The birth of a dementia screening tool for Canadian Indigenous populations

This team served as the CICA Anishinaabemowin language expert group, seen in January of 2016. In back row, from left, is Bill Antoine, Edward Osawamick and Malcolm Simon. Middle row, Melissa Blind, Jean McGregor Andrews and Karen Pitawanakwat. Front row, Marion McGregor, Rosella Kinoshameg and Evelyn Roy. Not pictured is Joe and Roselinda Peltier.

EDITOR’S NOTE: The breakthrough Canadian Indigenous Cognitive Assessment (CICA) tool is expected to revolutionize dementia diagnosis and care in aging Canadian Indigenous populations. It was developed here on Manitoulin Island. The Expositor will be exploring more aspects of the tool in future editions, continuing with an overview of the validation process in the next edition of this series. To access the free CICA tool, visit i-CAARE.ca.

MANITOULIN—Teams of researchers, community members and healthcare providers on Manitoulin Island have spent years working on the problem of inadequate dementia and cognitive disorder diagnoses for Indigenous peoples in Canada, culminating in the November 2019 release of the Canadian Indigenous Cognitive Assessment (CICA) tool.

To understand the roots of this tool, which was developed on Manitoulin Island, one must first focus on the other side of the world—Australia.

Culturally sensitive tool origins

In 2006, Australian researchers released the Kimberly Indigenous Cognitive Assessment (KICA), a first-of-its-kind tool that introduced culturally appropriate dementia screening techniques for Indigenous peoples living in the Kimberly and Northern regions of Australia.

Other cognitive assessment tools used in Canada, such as the state-of-the-art Montreal Cognitive Assessment tool, are not designed with Indigenous patients in mind. Despite its description as “the most sensitive cognitive screening tool,” assessments like the Montreal test cannot adequately speak to the lived experiences of Canada’s Indigenous peoples.

Some elements of the Montreal test involve examples that may be irrelevant to on-reserve life, such as asking a patient to repeat the sentence ‘she heard his lawyer was the one to sue after the accident,’ or identifying animals such as donkeys, pigs and a kangaroo.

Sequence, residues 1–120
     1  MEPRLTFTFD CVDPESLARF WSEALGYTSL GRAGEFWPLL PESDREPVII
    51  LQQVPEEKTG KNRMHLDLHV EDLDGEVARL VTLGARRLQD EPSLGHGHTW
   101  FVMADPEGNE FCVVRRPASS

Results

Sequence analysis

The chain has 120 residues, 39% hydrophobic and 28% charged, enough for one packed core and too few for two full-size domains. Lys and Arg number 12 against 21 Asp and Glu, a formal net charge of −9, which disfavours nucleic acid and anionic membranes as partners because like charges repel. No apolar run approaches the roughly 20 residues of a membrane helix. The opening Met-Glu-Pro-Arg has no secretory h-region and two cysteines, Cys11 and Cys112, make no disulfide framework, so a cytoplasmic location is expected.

These can lead to negative healthcare experiences that discouraged patients from attending follow-ups, thus limiting people from accessing future care because they felt improperly served.

As a comparison, the Australian KICA asks tasks such as ‘tell me the names of all the animals that people hunt’ and ranks that question based on the number of animals the loved one undergoing testing can name.

Indigenous cognitive assessment tools tend to be written in Native languages or completed with the help of an interpreter, so the loved one does not have to overcome an additional language barrier.

Dementia interest heads north

It was in 2012 that Kristen Jacklin, then an associate professor of medical anthropology at the Northern Ontario School of Medicine, met the investigators who had developed the KICA at a conference. Hearing about their research successes proved to be an inspiration.

“We immediately saw some value in learning more about what they were doing. I wrote a small grant at that point to take a group to Australia to learn more about it—not just about how the tool worked but how it was developed with Indigenous communities there,” says Dr. Jacklin, who now works as a professor of medical anthropology at the University of Minnesota Medical School Duluth.

The team took the KICA model to advisory councils on Manitoulin and described that they wished to base a Canada-specific tool on a modified version of the KICA.